Submitted by TEPF Volunteer
As you walk down the street today, imagine if every third person you saw suffered from low self-esteem and poor body image. Does this seem hard to believe? I recently read an article in Consumer Affairs that reported the findings of a recent study showing that one out of three adults suffer from low body image or very low body image.
If you suffer from low body image, many times your self-esteem is low as well. And having your self-esteem dependent upon your body image can “cause some long-lasting problems,” says Clinical Psychologist, Elvira G. Aletta, Ph.D. Problems like eating disorders that both women and men suffer from. (Source)
So what can we do for ourselves or how can we help others who suffer from low-body image or low self-esteem?
1. Look in the mirror and give yourself a compliment every morning. In other words, learn to retrain your brain “to think positively about your reflection and your body,” suggests body image expert and therapist Lori Osachy. She says do it “even if you have to fake being self-confident at first.” (Source)
2. Think if a dear friend was beating themselves up about their body image the way you do — then take your own advice and give yourself some kindness.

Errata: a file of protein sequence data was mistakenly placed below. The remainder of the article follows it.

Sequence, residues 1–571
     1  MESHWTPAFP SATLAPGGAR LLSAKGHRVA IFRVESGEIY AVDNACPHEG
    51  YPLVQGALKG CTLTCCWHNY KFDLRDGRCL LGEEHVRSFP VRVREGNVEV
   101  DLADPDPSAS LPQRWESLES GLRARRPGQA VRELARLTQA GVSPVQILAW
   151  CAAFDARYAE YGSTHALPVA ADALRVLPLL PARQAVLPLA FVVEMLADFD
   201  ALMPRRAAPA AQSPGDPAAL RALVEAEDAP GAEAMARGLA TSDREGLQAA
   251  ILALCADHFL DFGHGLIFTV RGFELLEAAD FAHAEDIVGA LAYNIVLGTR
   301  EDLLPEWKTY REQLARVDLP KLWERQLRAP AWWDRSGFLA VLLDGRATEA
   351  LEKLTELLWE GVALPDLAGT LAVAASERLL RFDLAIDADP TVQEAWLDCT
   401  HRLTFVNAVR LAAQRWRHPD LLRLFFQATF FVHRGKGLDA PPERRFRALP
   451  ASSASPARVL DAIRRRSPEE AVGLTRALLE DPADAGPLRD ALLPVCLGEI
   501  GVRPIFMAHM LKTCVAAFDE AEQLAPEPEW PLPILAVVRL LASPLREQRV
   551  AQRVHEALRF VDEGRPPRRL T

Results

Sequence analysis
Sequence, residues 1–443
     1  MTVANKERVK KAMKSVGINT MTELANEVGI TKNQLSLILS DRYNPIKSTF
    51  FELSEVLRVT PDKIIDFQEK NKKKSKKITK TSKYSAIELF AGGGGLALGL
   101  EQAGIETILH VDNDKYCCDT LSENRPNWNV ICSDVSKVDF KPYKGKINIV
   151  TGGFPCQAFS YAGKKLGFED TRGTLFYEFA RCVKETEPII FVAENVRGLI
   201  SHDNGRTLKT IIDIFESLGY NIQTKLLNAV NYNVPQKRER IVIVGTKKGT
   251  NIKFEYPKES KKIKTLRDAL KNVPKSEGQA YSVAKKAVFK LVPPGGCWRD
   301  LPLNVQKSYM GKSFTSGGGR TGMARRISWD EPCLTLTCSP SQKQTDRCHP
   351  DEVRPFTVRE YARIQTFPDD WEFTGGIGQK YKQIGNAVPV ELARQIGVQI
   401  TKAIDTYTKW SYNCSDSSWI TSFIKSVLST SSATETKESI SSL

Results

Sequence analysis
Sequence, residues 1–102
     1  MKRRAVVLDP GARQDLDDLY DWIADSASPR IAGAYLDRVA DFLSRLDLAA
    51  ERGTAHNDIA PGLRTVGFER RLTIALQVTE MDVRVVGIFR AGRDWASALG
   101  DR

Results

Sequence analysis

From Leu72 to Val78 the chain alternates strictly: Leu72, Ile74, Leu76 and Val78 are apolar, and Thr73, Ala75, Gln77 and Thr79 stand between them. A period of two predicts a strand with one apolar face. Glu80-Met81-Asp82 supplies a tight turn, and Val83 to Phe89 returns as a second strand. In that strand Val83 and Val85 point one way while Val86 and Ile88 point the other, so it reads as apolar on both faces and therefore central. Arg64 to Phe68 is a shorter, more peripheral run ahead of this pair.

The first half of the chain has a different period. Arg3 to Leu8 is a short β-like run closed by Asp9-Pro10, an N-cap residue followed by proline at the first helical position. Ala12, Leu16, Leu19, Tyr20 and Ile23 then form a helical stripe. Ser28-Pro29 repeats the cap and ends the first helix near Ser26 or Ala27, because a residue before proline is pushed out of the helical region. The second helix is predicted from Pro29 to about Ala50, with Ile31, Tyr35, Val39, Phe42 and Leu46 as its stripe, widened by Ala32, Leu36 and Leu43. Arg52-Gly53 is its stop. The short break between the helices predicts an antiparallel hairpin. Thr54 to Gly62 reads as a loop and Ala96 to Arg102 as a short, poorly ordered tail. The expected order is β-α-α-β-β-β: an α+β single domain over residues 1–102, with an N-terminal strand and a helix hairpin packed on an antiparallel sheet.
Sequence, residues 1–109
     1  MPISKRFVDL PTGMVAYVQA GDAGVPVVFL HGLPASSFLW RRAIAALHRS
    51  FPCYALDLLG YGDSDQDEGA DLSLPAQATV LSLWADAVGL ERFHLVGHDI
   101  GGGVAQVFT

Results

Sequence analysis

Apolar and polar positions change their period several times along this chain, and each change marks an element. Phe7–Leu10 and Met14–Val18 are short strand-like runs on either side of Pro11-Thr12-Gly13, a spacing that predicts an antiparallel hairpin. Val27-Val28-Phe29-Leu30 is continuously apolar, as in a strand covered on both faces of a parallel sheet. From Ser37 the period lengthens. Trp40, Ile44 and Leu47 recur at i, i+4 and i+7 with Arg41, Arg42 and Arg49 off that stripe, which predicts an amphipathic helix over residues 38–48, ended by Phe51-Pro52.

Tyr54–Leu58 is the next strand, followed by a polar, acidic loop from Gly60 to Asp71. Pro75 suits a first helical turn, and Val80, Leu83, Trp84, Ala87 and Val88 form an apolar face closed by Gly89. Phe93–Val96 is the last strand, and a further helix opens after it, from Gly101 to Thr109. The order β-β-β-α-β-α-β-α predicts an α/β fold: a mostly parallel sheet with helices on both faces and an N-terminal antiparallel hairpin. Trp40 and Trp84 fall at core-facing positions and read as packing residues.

3. Change your reason for eating healthy and exercising from body image and weight to staying healthy for yourself and the people you love.
4. Instead of focusing on the body parts you don’t like try to focus on the marvelous things they allow you to do. (When my grandma lost the use of her legs, I remember I had a whole new view of how amazing it was that I was able to walk.)
5. “Pay more attention to the entire person you are, meaning your personality, how you treat others, how important you are to your family, and so on.” (Source)
6. Volunteer. It’s hard to focus on yourself when you are helping others.
7. Hang with people who support your positive changes and self-growth.
8. De-stress. Sometimes we are less apt to beat ourselves up when we are relaxed: Meditate, walk, breathe deeply, find activities you love to do — and do them regularly.